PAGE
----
Classes, Classrooms and Teachers

 

The school building for the CLP and the classes are pretty modern and it is, in my opinion, a pretty comfortable environment to study in. The classrooms are small, which I personally like, and you will be put in classes of less then 10 - up to max 25 students. Most of the student body are Westerners, but you get a good amount of Koreans and Japanese still - massive amount of Aussies, mostly from Melbourne. Overall not hardcore students, but I wouldn't say hardcore party-ers either, just basically pretty chill. 

 

You have 4hrs of class per day, monday to friday, with the usual classes you get in a CLP. In upper elementary, you have Reading and Writing everyday, Speaking 4x a week, and Listening once a week. Some electives are available, but the information for it is only given out in Chinese, which discouraged me from taking any, but from what I've heard, Calligraphy and Martial Arts you can attend with any levels, and the other courses (chinese litterature, history, business etc.) you should be able to understand starting lower intermediate. There are no English-taught extracurriculars as far as I know.

I personally really liked the teachers I had. They were really good, almost never used English (sometimes gave the translation to a vocab word but that's about it). 听力 was the most boring, but 口语 and 读写 were very good and interesting. There was a good atmosphere in our class, and by the end of the semester we were having extended discussions with our teachers on various topics, whether based on the lesson or not. I was in the easiest Upper elementary class, but I feel like I did learn a lot in just four months, spending an average of 2hrs a day on homework and reviews (Jiaotong's placement test originally put me in Upper Intermediate. I backed down to Lower intermediate and I'm bored out of my mind.) The classes are apparently less exciting as you get in the upper levels, and follow more and more the traditional Chinese teaching style -lectures, very few interactions- but I have not heard anybody say they had horrible teachers, at least not in the CLP.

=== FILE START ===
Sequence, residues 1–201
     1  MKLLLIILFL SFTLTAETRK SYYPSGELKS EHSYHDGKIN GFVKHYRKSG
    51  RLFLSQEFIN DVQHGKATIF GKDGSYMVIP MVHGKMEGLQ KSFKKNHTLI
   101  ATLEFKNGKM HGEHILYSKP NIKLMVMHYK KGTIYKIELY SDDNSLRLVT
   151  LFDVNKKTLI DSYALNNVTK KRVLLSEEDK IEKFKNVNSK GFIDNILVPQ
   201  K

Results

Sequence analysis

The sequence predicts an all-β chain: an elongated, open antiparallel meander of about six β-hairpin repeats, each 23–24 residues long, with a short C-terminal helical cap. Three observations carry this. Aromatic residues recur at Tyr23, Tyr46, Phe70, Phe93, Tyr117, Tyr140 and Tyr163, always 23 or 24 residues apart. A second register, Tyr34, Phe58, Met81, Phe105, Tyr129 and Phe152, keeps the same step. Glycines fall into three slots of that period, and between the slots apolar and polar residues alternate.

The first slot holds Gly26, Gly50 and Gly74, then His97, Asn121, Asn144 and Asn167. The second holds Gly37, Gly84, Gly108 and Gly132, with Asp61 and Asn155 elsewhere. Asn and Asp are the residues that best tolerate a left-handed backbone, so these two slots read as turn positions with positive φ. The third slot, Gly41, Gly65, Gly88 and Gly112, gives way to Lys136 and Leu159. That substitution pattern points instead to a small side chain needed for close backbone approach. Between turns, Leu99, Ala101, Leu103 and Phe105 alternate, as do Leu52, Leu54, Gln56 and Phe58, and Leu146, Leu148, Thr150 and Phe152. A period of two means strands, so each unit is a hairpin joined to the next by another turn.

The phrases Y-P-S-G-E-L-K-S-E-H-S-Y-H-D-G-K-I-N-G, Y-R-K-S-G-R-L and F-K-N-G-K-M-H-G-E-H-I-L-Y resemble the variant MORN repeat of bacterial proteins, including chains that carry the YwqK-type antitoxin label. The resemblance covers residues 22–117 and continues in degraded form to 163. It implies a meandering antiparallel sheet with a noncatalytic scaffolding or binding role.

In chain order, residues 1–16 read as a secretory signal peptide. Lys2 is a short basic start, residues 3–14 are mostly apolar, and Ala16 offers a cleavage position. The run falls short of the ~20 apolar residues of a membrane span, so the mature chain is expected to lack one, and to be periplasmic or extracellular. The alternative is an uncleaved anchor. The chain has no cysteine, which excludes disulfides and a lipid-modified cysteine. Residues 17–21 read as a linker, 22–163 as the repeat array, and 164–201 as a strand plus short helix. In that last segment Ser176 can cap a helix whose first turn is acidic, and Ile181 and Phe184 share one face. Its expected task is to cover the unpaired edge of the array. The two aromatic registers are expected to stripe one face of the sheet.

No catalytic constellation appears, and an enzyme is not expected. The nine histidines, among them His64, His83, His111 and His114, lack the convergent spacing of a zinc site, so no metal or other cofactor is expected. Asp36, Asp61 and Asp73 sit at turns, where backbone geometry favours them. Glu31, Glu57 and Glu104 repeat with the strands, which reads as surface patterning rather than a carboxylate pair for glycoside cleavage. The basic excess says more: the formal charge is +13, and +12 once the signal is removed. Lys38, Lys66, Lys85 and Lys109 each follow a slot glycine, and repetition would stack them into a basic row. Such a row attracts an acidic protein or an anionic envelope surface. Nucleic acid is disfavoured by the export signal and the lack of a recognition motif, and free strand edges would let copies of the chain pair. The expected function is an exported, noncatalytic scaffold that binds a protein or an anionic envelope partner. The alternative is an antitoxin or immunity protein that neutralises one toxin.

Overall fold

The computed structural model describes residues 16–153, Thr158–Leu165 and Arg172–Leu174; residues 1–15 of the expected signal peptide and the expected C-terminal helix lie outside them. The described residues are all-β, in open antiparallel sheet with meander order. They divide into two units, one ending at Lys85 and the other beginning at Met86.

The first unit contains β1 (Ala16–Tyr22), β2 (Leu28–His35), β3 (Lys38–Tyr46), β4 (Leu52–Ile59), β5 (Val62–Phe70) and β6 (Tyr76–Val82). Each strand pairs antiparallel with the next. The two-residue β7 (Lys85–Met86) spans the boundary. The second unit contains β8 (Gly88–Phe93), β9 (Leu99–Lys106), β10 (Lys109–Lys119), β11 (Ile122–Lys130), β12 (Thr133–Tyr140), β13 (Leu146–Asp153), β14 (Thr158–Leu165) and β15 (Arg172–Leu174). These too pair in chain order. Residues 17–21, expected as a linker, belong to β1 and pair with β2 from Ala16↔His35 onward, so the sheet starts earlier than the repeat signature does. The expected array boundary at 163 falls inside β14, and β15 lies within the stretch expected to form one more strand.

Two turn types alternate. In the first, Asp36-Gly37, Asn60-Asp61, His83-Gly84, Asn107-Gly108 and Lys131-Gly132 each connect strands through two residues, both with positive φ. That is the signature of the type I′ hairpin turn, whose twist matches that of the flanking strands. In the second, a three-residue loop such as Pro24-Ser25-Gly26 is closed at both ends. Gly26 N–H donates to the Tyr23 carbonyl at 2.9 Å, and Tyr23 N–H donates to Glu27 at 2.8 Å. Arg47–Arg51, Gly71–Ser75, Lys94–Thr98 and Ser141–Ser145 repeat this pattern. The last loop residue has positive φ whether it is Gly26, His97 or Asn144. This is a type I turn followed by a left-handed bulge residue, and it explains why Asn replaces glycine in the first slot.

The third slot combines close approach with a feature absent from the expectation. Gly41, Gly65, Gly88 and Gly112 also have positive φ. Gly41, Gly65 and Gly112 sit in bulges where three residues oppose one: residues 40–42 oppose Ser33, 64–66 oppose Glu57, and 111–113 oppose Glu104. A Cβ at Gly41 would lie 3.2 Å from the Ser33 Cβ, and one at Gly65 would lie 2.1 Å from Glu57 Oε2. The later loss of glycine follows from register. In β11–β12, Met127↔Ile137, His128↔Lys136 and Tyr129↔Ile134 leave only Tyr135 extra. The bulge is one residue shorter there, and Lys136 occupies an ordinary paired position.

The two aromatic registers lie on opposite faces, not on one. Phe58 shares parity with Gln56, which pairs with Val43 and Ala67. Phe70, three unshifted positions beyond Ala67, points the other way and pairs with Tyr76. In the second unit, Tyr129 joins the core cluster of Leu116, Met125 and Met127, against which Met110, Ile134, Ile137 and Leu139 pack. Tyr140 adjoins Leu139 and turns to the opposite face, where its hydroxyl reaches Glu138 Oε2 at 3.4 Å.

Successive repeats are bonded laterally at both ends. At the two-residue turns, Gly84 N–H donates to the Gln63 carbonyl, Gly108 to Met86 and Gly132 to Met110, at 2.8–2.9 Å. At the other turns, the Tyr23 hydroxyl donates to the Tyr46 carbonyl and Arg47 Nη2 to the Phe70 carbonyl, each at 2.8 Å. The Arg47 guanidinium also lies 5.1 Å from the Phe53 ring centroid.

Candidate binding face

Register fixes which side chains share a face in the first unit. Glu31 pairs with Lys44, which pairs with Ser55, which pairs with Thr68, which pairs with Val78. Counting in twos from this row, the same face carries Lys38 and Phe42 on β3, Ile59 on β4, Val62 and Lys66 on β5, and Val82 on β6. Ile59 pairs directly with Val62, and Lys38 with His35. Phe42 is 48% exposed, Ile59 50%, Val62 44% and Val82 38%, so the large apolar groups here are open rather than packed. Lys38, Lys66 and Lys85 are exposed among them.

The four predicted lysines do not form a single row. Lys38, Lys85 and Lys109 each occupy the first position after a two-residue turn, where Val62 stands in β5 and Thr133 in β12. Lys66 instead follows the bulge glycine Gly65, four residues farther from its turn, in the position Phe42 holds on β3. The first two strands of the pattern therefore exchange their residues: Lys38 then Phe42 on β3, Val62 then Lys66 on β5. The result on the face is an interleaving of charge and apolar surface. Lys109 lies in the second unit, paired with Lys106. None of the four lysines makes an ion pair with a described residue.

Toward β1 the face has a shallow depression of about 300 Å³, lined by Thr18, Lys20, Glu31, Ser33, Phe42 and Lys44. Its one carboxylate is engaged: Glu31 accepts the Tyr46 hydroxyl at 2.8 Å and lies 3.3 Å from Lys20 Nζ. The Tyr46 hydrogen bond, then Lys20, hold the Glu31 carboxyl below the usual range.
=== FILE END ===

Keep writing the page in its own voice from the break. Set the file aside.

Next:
For students who are doing exchange programs, and have to attend classes outside of Chinese language courses, however, I have heard from other students they encountered some difficulties, and apparently the english-taught classes aren't fantastic. 

Campus and Environment

 

NJU has two campuses, one on the outskirts of the city, and one in the center. the Chinese department is on Gulou campus, in the center of the city. The CLP building itself is on the edge of campus, so you have to walk a bit to get to the pretty park and old buildings on the main parts of campus, but not that much. Everything you need is around campus in terms of transportation, food, convenience stores, etc. you really do have everything close by, for the exception maybe of the clubbing district, 1912, but taxis are cheap in Nanjing, so it's not really an issue. The main canteen on campus is 5min by foot, and you need to has a canteen card to pay, but it is very cheap (less than 10RMB for a meal) and the food is very good with a lot of options -get there fast though because it gets crowded. Other than that, as I said earlier, lots of restaurants all around campus, lots of options, ranging on average from 15RMB to 40RMB for a meal.